Tuesday, 19 November 2013


In 1787, a man called Jeremy Bentham designed a new kind of prison.  He called it a 'Panopticon'.  

In the prison guards would be able to watch inmates at any time, and inmates would never know when they were being watched.  Mr Benthan thought it would be like the guards were always watching, and that this would improve inmates behaviour, because he had observed that inmates' behaviour improved when they knew they could be seen.  Costs on guards could be cut, because prisoners would regulate their own behaviour.  

Sound familiar?

In Big Brother the Panopticon concept is pushed further.  The inmates do monitor their own behaviour, putting on the show they hope will win the prize.  There are few places to hide, but the contestants find them, because we all need a bit of time to ourselves from time to time, if only to get ready to be watched again.  We cannot be ourselves when we are constantly watched.  Writing in 1959, Erving Goffman argued that we all need a 'back stage' area to prepare ourselves for being watched.

Recently, in a piece on snooping on your children on Woman's Hour, Annaliesa Barbieri said "None of us act normally if we think we're being overlooked."

Being watched, constantly, or even just the threat of it; Not being able to trust in your back stage area, causes massive amounts of stress, and yet still, the most common form of office setup is open plan.  There are reasons for this - open plan offices are cheaper to manage and to manipulate, but they also cause stress.  People start to feel that they are not trusted; not thought to be valuable enough, without being watched by a person whose very title means overlooker - the supervisor.  It doesn't encourage creativity, or communication, it just encourages blind, unthinking, obedience.  People who work in open plan offices get sick more than those who don't (link).  And I would hazard a guess that they spend more time crying in the toilets too.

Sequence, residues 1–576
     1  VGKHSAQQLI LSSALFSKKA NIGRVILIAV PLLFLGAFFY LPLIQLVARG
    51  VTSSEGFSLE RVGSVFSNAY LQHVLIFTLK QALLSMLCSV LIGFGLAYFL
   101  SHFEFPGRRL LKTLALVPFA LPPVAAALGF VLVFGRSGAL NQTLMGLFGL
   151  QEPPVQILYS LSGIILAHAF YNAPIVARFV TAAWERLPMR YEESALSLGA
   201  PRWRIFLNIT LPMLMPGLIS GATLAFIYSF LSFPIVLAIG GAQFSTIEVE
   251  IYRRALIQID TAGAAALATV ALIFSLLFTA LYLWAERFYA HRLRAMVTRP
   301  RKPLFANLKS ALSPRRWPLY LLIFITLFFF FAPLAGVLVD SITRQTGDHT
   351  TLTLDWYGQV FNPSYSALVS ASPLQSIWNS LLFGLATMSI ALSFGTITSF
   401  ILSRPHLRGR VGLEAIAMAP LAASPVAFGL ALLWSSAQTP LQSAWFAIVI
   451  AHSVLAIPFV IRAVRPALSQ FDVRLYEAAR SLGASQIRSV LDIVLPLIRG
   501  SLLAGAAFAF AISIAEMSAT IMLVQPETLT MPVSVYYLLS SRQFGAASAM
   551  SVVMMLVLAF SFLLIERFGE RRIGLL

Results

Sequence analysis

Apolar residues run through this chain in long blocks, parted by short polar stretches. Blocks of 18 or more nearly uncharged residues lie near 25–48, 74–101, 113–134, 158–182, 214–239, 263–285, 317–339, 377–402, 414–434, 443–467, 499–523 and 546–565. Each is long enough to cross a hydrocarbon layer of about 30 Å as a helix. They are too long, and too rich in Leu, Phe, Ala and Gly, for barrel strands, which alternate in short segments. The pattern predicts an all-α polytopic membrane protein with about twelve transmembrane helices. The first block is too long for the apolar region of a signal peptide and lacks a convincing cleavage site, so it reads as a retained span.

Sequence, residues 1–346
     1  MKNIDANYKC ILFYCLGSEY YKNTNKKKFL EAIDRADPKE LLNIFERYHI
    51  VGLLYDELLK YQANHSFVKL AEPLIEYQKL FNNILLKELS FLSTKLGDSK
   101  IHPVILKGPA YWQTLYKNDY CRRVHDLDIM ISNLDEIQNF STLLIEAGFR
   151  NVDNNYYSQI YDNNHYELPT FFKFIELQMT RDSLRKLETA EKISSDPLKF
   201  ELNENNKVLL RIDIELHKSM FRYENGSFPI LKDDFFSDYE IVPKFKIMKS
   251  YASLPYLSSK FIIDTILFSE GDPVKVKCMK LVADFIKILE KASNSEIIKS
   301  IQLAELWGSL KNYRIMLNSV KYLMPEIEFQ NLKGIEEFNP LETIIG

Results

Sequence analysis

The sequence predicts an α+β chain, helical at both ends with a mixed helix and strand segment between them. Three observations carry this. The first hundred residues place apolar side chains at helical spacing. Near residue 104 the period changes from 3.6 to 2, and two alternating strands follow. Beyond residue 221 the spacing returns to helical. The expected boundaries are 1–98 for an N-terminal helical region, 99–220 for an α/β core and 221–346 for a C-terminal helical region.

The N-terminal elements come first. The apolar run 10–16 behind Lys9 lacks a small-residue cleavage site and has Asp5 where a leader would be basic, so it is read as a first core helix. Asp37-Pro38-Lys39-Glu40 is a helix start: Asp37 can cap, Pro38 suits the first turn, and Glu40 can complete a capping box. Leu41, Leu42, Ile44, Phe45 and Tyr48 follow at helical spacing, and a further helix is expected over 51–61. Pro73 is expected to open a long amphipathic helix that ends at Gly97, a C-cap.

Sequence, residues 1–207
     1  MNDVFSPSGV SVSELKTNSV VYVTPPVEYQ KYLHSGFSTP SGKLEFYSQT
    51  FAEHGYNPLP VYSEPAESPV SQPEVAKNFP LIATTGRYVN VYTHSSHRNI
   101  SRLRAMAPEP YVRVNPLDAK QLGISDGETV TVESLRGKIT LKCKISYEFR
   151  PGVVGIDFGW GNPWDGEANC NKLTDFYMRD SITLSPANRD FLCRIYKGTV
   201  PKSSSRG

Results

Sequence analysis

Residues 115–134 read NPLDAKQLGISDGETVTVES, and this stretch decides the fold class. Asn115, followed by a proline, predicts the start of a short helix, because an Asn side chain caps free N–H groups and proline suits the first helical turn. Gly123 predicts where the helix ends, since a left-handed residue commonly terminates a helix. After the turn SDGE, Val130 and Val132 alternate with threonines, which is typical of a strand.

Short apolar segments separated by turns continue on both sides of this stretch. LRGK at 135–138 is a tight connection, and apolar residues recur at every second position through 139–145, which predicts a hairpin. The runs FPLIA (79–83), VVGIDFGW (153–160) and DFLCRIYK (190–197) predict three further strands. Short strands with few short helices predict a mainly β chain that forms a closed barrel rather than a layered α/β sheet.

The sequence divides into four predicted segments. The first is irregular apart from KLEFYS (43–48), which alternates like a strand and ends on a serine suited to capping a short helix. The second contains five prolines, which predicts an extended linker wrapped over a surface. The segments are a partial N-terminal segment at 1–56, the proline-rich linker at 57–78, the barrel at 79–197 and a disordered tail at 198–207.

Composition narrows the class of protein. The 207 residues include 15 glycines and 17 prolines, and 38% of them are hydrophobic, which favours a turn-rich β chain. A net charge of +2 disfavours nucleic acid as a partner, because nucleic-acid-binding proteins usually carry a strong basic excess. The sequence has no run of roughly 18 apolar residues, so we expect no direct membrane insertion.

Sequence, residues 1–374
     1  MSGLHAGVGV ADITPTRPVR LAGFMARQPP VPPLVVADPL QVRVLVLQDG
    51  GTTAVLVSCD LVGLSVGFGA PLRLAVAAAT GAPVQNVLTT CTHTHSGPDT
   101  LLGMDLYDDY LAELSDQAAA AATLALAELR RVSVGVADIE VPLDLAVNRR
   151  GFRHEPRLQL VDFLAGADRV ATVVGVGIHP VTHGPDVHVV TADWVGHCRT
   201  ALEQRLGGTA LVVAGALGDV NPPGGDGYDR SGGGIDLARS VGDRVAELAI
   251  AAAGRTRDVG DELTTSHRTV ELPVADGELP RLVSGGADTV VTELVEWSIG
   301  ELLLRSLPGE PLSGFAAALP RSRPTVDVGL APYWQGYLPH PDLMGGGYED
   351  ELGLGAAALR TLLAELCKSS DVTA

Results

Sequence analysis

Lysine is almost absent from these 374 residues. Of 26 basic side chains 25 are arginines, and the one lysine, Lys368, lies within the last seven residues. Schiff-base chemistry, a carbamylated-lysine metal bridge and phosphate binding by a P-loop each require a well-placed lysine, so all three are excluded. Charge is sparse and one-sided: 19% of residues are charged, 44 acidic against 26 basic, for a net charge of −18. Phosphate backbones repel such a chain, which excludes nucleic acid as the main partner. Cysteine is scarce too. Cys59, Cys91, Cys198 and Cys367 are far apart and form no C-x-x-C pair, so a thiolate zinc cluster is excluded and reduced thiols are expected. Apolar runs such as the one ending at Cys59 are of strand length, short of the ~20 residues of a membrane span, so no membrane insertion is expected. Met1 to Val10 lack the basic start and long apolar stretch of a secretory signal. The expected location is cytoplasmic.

But surely it isn't necessary?  We need to push the culture to shift so that we can work where we want (and when we want), so long as the needs of the job are met.  We surely have no need now of batteries of administrators, or even call centre employees.  Couldn't they do their work without being tied to a desk, or, where that is needed, with more thought given to their humanity - higher barriers, plants and windows.  Offices which are pleasant places to be.

I once worked in an award winning office building.  It was a smart building with great heating systems, and great IT inbuilt, it had a hardly-used swimming pool, and a gym studio for keep-fit classes, it had a tiny creche where selected employees could leave their children, and it had rows of staff sitting in front of grey computers, with grey 'phones, grey dividers, grey walls, and, out of the windows they could see if they looked around their supervisors was the grey sea, the grey sky, and grey ships going by.  I hated that office.  I would do anything to avoid being in it, and I'm not going back there.

Seriously, who in their right mind would choose to spend their day in here?  Pic from here

Do you work/have you worked in an office?  What's been the best, and the worst that you've worked in?

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